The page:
“In Seoul, Yeonnam-dong and Daelim-dong in western Seoul, the area known as the city’s Chinatown, are the most popular areas for Chinese,” said Ji Soon-gyu, head of the Yooseong Real Estate Agency. “Chinese running businesses in the area have been purchasing shopping arcades and small buildings. The area wasn’t popular among Koreans, but real estate prices in the region have been increasing due to the Chinese. They have lived here for years while running businesses like shabu-shabu restaurants, and some of them have become landlords. Chinese invest in land on Jeju for a green card and buy buildings in Daelim-dong to rent out.”

Already, some real estate agencies in Seoul are hiring Chinese translators.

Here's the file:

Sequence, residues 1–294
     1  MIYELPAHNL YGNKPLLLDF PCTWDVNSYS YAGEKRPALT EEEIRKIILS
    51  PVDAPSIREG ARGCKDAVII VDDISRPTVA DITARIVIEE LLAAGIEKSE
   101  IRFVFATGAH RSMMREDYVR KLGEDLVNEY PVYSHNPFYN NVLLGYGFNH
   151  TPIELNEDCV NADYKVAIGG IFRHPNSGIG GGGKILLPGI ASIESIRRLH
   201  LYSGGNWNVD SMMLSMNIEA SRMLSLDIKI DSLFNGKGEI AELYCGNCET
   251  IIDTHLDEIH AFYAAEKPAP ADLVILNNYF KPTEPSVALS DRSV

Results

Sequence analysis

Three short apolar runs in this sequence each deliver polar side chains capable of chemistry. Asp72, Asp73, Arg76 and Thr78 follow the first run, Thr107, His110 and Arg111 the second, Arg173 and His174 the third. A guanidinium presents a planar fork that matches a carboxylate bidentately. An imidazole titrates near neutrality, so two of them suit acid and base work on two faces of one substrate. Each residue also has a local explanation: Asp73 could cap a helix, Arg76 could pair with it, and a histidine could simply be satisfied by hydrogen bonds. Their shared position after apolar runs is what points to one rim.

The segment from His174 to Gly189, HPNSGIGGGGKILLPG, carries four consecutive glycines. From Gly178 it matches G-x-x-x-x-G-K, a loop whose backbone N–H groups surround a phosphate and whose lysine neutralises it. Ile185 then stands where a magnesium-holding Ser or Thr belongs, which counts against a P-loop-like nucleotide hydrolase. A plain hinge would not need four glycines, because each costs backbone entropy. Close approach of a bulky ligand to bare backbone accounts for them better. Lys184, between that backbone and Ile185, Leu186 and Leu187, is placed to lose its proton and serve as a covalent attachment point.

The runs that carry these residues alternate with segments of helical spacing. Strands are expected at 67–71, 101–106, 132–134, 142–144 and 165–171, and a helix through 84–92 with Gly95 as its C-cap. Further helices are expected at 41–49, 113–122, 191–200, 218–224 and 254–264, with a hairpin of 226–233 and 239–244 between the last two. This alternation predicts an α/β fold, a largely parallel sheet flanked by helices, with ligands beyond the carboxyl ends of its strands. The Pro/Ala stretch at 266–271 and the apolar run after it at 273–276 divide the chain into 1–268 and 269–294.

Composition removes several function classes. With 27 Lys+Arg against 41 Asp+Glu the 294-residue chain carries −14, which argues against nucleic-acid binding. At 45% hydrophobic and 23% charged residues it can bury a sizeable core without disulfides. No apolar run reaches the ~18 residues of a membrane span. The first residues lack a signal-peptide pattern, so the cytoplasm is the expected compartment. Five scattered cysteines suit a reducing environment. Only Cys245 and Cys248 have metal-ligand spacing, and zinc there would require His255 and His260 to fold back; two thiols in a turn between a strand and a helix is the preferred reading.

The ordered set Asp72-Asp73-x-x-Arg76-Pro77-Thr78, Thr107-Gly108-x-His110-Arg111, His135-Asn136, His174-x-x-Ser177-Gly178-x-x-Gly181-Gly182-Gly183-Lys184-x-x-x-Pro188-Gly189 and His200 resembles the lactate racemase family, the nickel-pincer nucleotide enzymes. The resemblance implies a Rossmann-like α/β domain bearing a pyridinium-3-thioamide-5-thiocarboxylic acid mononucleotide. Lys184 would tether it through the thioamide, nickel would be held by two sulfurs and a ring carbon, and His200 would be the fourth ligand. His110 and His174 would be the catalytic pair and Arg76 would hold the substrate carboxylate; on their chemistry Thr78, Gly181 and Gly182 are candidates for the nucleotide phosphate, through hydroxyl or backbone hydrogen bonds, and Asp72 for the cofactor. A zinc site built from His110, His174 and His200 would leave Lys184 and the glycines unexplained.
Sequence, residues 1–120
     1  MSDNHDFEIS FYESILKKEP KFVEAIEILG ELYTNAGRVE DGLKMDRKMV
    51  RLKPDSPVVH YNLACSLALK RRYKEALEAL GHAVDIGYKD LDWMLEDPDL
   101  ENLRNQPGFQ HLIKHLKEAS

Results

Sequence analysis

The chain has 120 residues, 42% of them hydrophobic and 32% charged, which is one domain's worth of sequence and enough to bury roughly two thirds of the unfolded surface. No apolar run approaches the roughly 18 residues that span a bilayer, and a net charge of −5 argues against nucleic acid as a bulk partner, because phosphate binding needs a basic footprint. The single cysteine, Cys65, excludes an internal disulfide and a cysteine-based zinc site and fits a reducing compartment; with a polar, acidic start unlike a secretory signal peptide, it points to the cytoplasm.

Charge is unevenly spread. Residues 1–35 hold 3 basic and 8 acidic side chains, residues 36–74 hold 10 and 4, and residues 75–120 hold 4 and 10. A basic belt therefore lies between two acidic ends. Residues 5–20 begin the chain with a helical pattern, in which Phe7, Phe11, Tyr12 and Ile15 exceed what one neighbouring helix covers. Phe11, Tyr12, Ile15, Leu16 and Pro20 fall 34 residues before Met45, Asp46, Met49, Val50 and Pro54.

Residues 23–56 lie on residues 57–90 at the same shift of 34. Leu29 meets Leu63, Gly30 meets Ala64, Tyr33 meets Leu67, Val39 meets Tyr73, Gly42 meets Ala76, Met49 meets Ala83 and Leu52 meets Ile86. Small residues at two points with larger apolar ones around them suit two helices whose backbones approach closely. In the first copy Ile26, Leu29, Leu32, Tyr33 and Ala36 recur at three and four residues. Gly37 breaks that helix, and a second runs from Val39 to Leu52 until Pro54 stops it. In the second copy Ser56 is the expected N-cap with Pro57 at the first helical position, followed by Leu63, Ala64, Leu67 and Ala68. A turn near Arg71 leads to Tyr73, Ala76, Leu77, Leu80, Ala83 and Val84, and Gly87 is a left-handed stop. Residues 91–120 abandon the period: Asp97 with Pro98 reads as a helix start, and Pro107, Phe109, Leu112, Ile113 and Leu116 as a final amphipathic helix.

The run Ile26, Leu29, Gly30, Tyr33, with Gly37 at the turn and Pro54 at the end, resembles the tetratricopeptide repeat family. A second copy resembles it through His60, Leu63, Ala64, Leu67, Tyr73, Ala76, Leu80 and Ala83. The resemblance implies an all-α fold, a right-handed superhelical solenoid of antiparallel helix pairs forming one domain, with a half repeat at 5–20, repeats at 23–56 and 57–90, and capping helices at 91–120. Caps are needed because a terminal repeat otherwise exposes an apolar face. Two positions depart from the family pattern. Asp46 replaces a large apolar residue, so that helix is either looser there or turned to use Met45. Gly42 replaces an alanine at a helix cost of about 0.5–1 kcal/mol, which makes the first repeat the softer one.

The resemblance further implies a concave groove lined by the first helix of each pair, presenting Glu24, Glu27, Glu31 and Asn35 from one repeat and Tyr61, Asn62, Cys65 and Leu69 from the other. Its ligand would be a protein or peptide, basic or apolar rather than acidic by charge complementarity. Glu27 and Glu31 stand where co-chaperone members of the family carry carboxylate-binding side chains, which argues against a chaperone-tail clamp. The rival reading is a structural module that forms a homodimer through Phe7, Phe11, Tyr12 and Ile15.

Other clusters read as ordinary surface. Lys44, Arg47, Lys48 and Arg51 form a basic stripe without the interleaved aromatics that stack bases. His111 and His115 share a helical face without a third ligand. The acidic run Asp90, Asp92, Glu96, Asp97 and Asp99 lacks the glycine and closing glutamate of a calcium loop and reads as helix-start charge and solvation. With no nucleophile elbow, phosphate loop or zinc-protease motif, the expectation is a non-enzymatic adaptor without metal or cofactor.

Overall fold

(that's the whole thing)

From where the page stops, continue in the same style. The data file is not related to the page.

As the Chinese become big investors, Koreans are trying to attract more of their money. Earlier in the month, KEB-Hana Bank held a briefing for Chinese in Jeju and launched a service for managing leased buildings and facilities owned by Chinese. The bank said it is preparing an International Private Banking Center in its Jeju branch to offer asset management, real estate investment, M&A consulting and tax accounting, all available in the Chinese language.

Last year, Posco Engineering & Construction held a China Day event for the newly built Sharp First Park apartment in Songdo International Business District in Incheon.

“As many regulations have been eased in the past few years, the number of real estate investments increased,” said Ahn Joo-won, a researcher for IBK Investment & Securities.



BY SPECIAL REPORTING TEAM [kwon.sangsoo@joongang.co.kr]